Amidst tense negotiations over of the Great Ethiopian Renaissance Dam (GERD), Egypt submitted a new proposal of excluding Sudan from the talks and introducing a neutral party, i.e. World Bank (WB), in the arbitration.
The proposal was sent by Egyptian President Abdul Fattah al-Sisi and delivered to Prime Minister Hailemariam Desalegn by Sameh Shoukry, Egypt’s foreign minister last Tuesday, December 26, 2017. Shoukry arrived in Addis in the preceding week to conduct regular consultation held among foreign ministers of both countries. This was the fourth of its kind.
The discussion focused on trade, investment and terrorism, according to Meles Alem, spokesperson of the Ministry of Foreign Affairs (MoFA).
On arrival, Shoukry met his counterpart Worqneh Gebeyehu (PhD) and other senior officials, at the latter’s office where the two briefed both local and international members of the media for 21 minutes.
Throughout the briefing, Shoukry has been mentioning that Egypt should come up with a new proposal for it is concerned over the delayed negotiations.
Egypt, in a tense situation with both Sudan and Ethiopia, proposed for Sudan’s exclusion from the negotiations and to proceed with Ethiopia only, a country that shares its view on the issue as “a matter of life or death”. Currently, the construction of the Dam, which was launched in 2010 with 4.8 billion dollars, has reached 63pc completion and is expected to be filled next year.
About two months ago, Sudanese foreign minister, Ibrahim Ghandour, told Russia Today, Egypt fears that Sudan will be able to use its full share of the Nile upon the realisation of the Dam. The incident demonstrated the strain between the two nations.
Another point of debate among the three countries was Ethiopia and Sudan’s refusal to approve the draft inception report of the lead consultant, BRL Ingenierie, made on hydrological simulation model and environmental and socio-economic impact assessment of the Dam. The Dam is expected to hold 74 billion cubic metres of water and generate about 6,000MW of electricity.
BRL was hired by the Tripartite National Committee (TNC) for the assessment, and it subcontracts Artelia Group to undertake 30pc of the evaluation. The two companies were meant to assess the Dam’s hydrological simulation model during the filling process, and environmental and socio-economic impact on the Nile riparian countries with a delivery deadline of December 2017.
The two countries refuted the proposal claiming it was prepared without considering the baseline and the terms of reference (ToR) it was provided with.
“Egypt wants the baseline of the study to be 55.5 billion cubic metres, and Ethiopia believes it is unfair,” a diplomatic source told Fortune.
The Egyptian officials, on their part, claim that Ethiopia is reluctant to commit to a Nile water-sharing agreement signed in 1959.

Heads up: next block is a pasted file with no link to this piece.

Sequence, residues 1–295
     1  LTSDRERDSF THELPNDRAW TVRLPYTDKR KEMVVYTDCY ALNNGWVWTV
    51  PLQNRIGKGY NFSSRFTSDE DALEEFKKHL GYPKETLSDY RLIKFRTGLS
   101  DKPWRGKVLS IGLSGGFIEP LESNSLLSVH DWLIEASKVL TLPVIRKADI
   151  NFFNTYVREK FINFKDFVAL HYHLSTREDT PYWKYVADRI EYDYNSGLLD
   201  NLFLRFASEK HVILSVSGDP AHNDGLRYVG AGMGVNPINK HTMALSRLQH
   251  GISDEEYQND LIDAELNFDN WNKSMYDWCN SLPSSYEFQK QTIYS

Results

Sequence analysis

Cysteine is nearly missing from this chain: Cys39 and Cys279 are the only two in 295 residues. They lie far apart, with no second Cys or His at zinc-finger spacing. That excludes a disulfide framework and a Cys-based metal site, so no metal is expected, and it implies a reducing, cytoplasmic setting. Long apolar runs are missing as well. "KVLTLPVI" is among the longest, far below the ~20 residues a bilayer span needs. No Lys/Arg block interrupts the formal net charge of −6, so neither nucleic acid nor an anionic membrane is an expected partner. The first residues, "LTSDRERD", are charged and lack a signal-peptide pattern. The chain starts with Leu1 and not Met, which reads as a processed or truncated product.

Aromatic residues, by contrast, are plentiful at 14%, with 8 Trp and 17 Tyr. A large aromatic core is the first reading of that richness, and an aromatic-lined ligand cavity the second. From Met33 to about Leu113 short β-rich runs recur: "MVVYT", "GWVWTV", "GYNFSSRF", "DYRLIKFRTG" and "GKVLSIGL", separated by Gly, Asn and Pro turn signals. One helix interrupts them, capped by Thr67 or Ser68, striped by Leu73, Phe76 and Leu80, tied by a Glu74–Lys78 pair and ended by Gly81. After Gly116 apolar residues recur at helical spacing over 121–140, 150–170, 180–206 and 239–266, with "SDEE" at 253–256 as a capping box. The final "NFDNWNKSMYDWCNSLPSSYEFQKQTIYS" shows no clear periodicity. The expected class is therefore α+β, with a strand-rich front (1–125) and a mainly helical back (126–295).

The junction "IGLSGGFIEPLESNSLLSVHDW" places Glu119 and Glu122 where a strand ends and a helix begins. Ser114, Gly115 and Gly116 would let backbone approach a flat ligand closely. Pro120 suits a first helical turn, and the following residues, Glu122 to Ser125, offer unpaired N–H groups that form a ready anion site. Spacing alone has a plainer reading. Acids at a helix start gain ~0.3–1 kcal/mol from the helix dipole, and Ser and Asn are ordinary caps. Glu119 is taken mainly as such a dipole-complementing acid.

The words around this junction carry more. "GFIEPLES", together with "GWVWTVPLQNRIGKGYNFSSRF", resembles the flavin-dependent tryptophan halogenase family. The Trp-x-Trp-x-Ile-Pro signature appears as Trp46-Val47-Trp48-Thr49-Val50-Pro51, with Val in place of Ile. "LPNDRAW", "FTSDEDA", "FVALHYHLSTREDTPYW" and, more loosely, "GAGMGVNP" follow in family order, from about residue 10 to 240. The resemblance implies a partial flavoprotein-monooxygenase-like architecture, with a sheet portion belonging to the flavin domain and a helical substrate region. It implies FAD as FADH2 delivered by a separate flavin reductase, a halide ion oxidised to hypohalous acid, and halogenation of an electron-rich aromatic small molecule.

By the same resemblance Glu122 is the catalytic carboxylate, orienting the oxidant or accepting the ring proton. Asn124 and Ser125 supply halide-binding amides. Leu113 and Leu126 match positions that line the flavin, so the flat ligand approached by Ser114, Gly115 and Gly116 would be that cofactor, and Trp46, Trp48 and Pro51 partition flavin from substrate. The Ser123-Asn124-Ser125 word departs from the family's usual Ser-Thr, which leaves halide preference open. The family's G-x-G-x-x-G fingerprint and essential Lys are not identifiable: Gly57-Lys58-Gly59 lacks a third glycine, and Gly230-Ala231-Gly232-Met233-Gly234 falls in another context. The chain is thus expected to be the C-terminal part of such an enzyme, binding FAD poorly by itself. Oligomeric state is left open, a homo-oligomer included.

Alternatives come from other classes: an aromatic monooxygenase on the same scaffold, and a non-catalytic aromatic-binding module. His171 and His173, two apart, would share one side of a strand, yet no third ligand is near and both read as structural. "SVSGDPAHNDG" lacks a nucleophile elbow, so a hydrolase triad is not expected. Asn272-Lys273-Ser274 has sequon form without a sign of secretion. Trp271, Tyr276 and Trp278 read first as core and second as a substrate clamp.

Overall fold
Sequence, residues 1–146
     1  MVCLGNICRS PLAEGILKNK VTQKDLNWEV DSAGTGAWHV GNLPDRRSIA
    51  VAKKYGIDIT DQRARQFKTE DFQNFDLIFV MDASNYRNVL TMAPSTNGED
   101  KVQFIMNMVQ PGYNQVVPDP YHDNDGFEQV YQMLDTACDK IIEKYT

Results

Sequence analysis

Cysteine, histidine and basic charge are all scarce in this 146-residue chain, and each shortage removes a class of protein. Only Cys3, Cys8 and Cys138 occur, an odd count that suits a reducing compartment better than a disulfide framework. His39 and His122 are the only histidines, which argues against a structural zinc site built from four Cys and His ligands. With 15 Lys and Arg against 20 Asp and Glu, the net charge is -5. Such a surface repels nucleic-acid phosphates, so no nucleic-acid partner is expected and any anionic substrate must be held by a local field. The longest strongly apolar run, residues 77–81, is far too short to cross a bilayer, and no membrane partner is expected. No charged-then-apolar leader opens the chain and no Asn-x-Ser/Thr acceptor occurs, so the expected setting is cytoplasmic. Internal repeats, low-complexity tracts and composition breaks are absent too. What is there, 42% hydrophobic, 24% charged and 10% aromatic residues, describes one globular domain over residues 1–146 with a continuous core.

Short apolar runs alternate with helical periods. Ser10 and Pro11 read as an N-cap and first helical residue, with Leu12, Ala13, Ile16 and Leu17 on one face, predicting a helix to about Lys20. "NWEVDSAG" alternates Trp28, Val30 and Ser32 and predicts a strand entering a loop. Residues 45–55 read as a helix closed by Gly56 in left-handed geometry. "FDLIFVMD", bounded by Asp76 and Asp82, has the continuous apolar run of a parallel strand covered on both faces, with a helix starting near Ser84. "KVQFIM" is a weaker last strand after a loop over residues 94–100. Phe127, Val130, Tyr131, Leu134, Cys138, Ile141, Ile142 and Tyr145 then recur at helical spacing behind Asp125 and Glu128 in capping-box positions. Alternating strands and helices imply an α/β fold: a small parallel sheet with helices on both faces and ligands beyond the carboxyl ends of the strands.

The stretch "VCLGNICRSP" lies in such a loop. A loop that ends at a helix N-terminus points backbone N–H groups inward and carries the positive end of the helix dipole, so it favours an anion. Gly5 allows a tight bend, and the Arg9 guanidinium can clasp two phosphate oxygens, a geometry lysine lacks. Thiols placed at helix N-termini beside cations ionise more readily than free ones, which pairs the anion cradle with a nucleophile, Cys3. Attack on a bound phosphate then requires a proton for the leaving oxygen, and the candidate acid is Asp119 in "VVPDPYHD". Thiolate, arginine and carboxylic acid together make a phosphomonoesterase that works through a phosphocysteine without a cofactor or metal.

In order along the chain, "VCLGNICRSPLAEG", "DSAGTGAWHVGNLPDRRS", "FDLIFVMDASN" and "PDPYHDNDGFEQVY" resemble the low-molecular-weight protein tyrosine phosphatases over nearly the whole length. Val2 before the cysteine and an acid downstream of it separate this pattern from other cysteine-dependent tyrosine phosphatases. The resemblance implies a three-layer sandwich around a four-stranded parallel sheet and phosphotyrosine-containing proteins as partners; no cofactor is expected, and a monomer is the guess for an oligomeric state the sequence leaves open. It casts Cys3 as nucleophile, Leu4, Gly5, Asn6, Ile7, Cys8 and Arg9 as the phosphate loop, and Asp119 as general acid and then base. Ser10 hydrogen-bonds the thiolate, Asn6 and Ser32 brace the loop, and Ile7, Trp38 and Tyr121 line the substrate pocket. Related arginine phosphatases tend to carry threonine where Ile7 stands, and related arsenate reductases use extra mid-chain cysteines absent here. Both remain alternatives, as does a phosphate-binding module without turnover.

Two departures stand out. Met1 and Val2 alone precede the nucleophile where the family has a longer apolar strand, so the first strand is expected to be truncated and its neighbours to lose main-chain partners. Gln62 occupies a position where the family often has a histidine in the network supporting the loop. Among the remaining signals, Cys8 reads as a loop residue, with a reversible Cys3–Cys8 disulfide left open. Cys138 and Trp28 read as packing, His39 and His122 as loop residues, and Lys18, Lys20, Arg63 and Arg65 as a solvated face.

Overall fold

Amending the 1929 agreement of water allocation amounting 48 billion cubic metres and four billion cubic metres for Egypt and Sudan consecutively, the 1959 accord allocated 55.5 billion cubic meters and 18.5 billion cubic meters of water, correspondingly.
“Ethiopia is not obliged to commit to this agreement, to which it was not a party at all,” Taye Stke-Selassie Ethiopian ambassador to Egypt told Al-Ahram last Wednesday.
Due to this, the approval of the draft inception report is held without any approval or rejection.
“The case Egypt has with Sudan is completely different with Ethiopia’s case, and it is necessary to differentiate the two,” replied Shoukry in Arabic to a question from a foreign media correspondent last week.
Worqneh on his part has been stressing the essence of including Sudan in the negotiations in Tuesday’s press conference.
“Any negotiation and discussion over the dam will be held in Sudan’s presence,” Worqneh told the media.
“Egypt believes that the World Bank is neutral and decisive, and it could facilitate negotiations among the two, devoid of any political interpretation and manipulation,” said Shoukry, who stated that the issue legitimately concerned his people, 96pc of which live in a desert and rely on the Nile Valley.
Ethiopia’s stand over the two proposals of Egypt seems polarised. Letting WB become an arbitrator in the discussion between the three or excluding Sudan from the debate is unacceptable for Ethiopia, according to sources close to the case.
“Ethiopia stands firm that the three parties could handle any disagreement over technicality, whether by ministers or by heads of state without the intervention of a third party,” disclosed the diplomat.
Ethiopian experts also questioned the neutrality of WB over the case, listing points such as possible influences from former senior Egyptian officials in the Bank like Ismail Serageldin (PhD) who was a vice president and stated the Bank’s stand over upstream countries.
The proposal came amidst Prime Minister Hailemariam’s scheduled visit to Egypt in January. The tour was initially planned in December but was rescheduled. Just after the announcement of the PM’s visit, members of Egyptian parliament were signing petitions opposing his trip.
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